• Your NDIN  must contain the information that proves the safety of the ingredient.
New Dietary Ingredient Notification (NDIN)

What is NDI?

A new dietary ingredient (NDI) is a dietary ingredient that was not sold in the U.S. as a dietary supplement before October 15, 1994. NDIs are regulated by the FDA under section 413(a) of the Federal Food, Drug, and Cosmetic Act (FDCA). NDIs are not common in the U.S., but some examples include certain probiotics, dendrobium stem extract, and pomegranate extracts.

Under section 413(a)(1)(A) of FDCA (21 U.S.C.), NDI notification is required if an ingredient or product:

  • Contains a dietary substance for which there is no history of consumption OR
  • Has been present in traditional food consumed by large populations outside the United States OR
  • Is significantly derived from a plant/animal source with no history of consumption as a food OR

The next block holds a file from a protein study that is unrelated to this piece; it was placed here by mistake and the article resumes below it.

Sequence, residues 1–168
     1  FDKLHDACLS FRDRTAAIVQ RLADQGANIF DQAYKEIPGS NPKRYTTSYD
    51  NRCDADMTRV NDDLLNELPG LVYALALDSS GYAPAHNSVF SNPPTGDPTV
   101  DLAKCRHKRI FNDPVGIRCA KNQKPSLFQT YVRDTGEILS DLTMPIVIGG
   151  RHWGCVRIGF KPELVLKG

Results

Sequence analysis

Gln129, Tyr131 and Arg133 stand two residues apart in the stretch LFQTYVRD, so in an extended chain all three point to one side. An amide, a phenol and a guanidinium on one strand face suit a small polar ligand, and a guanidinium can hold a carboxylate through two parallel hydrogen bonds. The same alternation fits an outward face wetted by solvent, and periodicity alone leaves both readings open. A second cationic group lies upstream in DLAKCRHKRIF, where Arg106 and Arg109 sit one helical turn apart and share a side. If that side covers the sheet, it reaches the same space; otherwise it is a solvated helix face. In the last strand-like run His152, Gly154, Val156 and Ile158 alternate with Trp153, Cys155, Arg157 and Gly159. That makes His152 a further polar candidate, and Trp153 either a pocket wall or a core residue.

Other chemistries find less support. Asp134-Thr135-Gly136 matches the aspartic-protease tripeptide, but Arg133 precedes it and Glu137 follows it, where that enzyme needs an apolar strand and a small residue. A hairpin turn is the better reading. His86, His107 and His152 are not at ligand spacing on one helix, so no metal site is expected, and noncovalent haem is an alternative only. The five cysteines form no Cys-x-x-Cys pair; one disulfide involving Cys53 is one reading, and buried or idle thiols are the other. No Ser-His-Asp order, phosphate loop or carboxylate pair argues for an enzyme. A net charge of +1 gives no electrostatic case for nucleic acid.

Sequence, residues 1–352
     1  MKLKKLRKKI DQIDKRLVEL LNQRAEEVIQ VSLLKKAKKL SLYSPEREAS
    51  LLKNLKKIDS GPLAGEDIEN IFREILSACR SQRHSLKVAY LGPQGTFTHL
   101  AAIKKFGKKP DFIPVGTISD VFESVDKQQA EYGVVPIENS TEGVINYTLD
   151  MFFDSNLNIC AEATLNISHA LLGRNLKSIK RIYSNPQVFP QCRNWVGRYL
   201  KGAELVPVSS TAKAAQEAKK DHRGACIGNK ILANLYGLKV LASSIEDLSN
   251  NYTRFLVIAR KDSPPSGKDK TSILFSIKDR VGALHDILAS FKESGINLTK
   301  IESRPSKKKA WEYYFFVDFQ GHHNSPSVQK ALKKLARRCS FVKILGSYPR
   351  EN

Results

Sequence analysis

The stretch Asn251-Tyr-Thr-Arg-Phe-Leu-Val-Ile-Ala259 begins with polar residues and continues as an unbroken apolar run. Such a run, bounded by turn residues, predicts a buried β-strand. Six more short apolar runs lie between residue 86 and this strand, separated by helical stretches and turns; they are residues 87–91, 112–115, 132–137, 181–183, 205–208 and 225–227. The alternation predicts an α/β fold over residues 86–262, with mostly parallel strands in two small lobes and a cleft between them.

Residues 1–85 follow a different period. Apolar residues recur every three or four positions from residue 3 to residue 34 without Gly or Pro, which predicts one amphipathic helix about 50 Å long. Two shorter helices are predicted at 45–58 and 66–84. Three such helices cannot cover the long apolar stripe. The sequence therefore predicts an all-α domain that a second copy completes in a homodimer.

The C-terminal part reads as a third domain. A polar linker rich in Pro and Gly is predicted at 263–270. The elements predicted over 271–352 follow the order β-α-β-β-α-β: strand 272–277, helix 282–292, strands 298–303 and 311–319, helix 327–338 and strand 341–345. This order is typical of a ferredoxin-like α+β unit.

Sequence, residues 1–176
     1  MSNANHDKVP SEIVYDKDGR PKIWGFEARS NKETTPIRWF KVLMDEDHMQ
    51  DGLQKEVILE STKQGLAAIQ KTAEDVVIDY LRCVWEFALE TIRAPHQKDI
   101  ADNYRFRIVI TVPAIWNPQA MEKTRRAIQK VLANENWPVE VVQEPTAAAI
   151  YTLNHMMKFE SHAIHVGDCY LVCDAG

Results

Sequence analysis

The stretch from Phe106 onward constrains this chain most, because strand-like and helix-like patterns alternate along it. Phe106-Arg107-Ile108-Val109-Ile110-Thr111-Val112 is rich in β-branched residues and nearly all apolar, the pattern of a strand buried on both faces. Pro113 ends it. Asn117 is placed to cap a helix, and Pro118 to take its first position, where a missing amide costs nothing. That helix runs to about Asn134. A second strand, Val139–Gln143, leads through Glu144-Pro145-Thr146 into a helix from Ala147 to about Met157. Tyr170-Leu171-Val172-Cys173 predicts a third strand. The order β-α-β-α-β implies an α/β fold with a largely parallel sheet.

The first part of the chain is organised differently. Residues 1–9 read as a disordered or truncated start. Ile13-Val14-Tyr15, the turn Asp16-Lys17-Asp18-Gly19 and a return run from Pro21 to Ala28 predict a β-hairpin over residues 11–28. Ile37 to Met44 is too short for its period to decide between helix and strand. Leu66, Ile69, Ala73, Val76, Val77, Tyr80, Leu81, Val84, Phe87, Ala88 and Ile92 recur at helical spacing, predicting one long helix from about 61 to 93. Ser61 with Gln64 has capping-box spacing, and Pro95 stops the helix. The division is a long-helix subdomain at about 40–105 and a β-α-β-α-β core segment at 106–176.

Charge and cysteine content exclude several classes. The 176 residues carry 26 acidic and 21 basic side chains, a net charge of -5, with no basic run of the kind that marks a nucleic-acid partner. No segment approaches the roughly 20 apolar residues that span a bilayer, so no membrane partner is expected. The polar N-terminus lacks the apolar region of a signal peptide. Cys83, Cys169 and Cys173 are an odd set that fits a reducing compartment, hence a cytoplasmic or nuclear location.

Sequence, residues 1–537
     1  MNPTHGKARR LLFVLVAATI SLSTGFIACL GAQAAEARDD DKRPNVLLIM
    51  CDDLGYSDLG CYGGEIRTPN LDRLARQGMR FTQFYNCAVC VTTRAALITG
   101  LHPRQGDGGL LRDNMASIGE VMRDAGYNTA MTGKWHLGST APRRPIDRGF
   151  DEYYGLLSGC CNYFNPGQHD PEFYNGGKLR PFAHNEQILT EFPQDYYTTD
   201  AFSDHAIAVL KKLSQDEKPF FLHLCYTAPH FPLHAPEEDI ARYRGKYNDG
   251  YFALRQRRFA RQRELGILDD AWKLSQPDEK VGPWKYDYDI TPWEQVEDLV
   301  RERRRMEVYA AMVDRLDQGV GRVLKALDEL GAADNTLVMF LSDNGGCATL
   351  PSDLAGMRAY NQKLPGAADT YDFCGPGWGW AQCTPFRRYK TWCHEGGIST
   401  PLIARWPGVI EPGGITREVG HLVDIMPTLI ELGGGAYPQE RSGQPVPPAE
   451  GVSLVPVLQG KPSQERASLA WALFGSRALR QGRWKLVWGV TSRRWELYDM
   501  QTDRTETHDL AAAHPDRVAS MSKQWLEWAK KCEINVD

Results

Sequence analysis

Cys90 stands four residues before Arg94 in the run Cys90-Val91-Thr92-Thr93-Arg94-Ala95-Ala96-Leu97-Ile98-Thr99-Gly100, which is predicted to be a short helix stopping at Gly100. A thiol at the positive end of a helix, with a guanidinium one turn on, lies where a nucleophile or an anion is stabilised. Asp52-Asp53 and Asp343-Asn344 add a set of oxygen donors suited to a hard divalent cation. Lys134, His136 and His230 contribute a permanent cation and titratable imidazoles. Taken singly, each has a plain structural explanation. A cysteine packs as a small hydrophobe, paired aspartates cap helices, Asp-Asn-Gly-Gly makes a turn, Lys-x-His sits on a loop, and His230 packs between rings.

• May be chemically synthesized or derived from naturally occurring substances
What constitutes a new dietary ingredient?
  1. Something that was not marketed in the United States before October 15, 1994, is considered an NDI. This date was chosen because it was the date by which manufacturers should have been able to submit their first notifications to the FDA with information about the safety and nutritional value of their new ingredient.
  2. A dietary ingredient for which there is no history of use or other evidence of safety sufficient to establish general recognition of safety by qualified experts under conditions prescribed or recommended in its proposed labeling (section 201(s) (21 U.S.C., § 321(s))).